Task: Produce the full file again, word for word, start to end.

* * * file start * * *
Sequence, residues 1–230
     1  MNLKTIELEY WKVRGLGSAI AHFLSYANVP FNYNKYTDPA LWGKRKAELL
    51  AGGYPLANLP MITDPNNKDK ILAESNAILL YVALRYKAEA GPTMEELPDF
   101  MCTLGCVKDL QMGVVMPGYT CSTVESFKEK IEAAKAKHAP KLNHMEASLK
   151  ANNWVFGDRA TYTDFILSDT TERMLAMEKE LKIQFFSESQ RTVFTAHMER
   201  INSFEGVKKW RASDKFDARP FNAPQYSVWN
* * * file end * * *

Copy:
Sequence, residues 1–230
     1  MNLKTIELEY WKVRGLGSAI AHFLSYANVP FNYNKYTDPA LWGKRKAELL
    51  AGGYPLANLP MITDPNNKDK ILAESNAILL YVALRYKAEA GPTMEELPDF
   101  MCTLGCVKDL QMGVVMPGYT CSTVESFKEK IEAAKAKHAP KLNHMEASLK
   151  ANNWVFGDRA TYTDFILSDT TERMLAMEKE LKIQFFSESQ RTVFTAHMER
   201  INSFEGVKKW RASDKFDARP FNAPQYSVWN